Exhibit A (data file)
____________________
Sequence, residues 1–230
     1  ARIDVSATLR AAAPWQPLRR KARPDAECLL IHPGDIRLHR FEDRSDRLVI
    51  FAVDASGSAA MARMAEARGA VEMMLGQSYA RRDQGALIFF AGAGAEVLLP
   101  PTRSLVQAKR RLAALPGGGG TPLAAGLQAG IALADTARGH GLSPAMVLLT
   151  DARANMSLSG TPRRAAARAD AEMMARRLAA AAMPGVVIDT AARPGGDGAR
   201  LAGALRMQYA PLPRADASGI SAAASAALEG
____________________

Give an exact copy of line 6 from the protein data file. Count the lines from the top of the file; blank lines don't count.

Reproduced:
   201  LAGALRMQYA PLPRADASGI SAAASAALEG